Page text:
In Case You Missed It: Third and State Blog This Week

This week. we blogged about the upcoming two-year anniversary of the Recovery Act, President Obama's budget plan, a few hundred Valentine's Day messages for Governor Corbett, sales tax loopholes that only Amazon.com could love, and much more!

In case you missed it:

  • On the state budget, Michael Wood detailed Amazon's foot-stomping response to efforts by states to close a sales tax loophole that gives the online retailer an unfair competitive edge over other retailers. (Spoiler alert: The brick-and-mortar stores are none too happy about it!) Mike also shined some light on Pennsylvania's "conservative" debt levels and explained that Pennsylvania's debt service payments have long been low — between 3% and 4% of the state budget.
  • On health care, Chris Lilienthal shared some of the Valentines that Governor Corbett received this week from Pennsylvanians asking him to have a heart and save adultBasic.
  • On the federal budget, Chris highlighted some analysis from the Center on Budget and Policy Priorities on President Obama's budget proposal for the 2012 Fiscal Year. Mark Price, meanwhile, shared a video clip of Columbia University Professor Jeffrey Sachs discussing the federal budget and noting that both parties have the wrong priorities by cutting services vital to working- and middle-class families.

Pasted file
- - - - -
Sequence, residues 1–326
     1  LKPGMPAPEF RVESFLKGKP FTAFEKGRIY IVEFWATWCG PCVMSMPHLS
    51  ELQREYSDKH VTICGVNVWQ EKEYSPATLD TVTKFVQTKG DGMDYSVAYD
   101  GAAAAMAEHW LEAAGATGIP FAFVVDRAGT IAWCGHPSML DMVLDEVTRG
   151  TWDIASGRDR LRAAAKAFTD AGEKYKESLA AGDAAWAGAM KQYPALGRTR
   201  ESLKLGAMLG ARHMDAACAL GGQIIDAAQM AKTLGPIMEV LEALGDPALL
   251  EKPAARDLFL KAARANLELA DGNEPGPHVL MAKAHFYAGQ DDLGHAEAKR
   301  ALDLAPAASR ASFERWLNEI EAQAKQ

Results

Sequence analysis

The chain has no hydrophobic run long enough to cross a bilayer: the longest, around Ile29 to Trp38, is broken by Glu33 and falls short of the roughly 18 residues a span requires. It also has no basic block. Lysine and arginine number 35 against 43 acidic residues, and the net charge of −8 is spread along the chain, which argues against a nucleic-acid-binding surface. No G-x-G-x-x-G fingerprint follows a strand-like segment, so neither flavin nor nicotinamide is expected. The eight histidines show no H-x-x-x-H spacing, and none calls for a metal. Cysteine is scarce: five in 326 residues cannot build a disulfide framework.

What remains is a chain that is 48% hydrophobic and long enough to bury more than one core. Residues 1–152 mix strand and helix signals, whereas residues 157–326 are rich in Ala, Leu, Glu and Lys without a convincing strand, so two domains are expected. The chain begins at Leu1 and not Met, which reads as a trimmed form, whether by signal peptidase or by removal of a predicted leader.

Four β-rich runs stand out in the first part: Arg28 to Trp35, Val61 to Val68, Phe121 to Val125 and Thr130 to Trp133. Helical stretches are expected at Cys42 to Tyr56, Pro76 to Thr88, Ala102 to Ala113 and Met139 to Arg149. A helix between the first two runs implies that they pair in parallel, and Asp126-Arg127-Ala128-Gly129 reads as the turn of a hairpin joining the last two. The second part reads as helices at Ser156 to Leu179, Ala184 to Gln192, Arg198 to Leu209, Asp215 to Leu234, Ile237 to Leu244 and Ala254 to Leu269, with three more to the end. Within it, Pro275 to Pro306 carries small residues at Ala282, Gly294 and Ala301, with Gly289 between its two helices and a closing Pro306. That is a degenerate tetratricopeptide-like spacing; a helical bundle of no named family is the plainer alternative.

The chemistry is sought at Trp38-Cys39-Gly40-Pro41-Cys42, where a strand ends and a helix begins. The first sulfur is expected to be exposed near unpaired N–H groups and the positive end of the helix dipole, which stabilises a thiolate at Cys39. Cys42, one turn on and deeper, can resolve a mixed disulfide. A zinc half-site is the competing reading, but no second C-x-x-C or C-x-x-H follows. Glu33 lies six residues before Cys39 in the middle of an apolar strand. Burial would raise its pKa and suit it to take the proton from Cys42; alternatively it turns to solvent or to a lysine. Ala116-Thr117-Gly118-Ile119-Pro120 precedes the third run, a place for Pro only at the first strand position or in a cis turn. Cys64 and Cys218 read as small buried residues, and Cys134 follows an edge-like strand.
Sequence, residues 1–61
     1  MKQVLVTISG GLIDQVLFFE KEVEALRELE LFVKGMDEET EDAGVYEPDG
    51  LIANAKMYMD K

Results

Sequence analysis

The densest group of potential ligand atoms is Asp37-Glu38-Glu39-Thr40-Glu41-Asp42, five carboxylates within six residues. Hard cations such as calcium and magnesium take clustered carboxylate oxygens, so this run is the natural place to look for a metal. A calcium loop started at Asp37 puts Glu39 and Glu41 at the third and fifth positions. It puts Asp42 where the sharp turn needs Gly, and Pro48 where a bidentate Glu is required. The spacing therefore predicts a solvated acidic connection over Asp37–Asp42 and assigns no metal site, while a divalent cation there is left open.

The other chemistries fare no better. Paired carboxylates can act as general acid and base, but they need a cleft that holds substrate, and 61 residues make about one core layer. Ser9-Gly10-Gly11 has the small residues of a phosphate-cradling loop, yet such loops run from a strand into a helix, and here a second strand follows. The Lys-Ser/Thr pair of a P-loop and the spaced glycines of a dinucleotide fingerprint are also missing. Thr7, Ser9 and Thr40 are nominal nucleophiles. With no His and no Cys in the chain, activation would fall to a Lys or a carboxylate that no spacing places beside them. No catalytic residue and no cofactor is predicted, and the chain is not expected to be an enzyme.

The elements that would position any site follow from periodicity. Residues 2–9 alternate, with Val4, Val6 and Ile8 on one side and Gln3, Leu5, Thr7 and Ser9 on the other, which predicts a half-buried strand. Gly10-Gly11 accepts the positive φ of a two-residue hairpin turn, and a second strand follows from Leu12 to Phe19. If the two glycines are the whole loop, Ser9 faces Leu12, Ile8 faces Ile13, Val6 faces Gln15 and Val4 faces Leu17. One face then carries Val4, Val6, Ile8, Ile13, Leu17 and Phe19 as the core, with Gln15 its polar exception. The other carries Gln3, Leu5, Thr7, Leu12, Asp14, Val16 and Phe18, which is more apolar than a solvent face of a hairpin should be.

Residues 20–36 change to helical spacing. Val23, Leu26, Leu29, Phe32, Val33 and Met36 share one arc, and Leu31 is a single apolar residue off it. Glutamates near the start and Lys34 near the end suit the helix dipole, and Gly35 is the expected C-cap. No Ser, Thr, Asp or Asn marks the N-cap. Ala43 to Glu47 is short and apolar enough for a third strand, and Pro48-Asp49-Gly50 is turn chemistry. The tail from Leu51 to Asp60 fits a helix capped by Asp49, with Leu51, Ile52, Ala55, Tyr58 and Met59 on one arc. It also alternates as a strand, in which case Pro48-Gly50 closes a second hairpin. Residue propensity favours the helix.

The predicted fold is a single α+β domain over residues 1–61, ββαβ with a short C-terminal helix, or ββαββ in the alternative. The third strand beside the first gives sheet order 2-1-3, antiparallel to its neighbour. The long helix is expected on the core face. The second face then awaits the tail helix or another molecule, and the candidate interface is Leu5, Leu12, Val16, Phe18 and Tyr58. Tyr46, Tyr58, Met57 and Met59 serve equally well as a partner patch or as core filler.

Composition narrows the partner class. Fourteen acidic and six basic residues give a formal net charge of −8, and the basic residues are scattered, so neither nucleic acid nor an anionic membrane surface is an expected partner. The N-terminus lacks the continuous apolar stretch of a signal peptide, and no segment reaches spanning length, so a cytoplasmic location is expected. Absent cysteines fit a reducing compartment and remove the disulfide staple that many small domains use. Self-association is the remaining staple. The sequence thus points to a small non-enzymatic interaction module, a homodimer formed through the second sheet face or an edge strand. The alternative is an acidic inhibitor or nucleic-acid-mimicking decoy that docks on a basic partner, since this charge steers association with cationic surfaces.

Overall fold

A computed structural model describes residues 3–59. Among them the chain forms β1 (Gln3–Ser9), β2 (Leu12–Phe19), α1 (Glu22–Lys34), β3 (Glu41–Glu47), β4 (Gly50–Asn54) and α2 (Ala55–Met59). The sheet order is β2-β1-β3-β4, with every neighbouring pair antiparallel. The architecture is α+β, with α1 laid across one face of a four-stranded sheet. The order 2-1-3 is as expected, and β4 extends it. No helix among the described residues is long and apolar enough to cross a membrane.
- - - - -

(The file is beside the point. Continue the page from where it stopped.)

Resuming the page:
• Finally, on the economy, Mark Price takes note of the upcoming two-year anniversary of the passage of the American Recovery and Reinvestment Act. Mark also blogged that policymakers are focused on the wrong deficit — Main Street America is a lot more concerned about a deficit in jobs and wages than they are about the federal fiscal deficit.

More blog posts next week. Keep us bookmarked and join the conversation!

We Need More Action on Jobs and Wages

The evidence is indisputable: aggressive action by the federal government to create jobs worked. 

As of December 2010, federal action on the economy saved 400,000 Pennsylvania jobs and prevented a rise in the state’s unemployment rate to 15%.

One Thing Pennsylvania Isn't Leading Other States in — Debt

Debt is a hot topic in Harrisburg these days, but often lost in the rhetoric is just how low Pennsylvania's level of debt is.

In our latest installment of February Fiscal Facts, we follow up an earlier report on Pennsylvania's debt service payments with a look at the state's outstanding debt situation.

The 2nd Anniversary of the Recovery Act

February 17th is the second anniversary of the passage of the American Recovery and Reinvestment Act of 2009 (ARRA).  I will be back later today to discuss our release of updated estimates of the regional impact of all federal action in the wake of the recession, including the passage of ARRA, but in the meantime, I wanted to share two figures on ARRA. 

Jeffrey Sachs on the Federal Budget

Jeffrey SachsJeffrey D. Sachs, an economist and director of the Earth Institute at Columbia University, discusses the Democratic and Republican federal budget proposals.  He argues both proposals focus on the wrong priorities by cutting services vital to working- and middle-class families as well as cutting programs aimed at fighting climate change.

Watch the video here. (Sorry, we can't embed it on the blog.)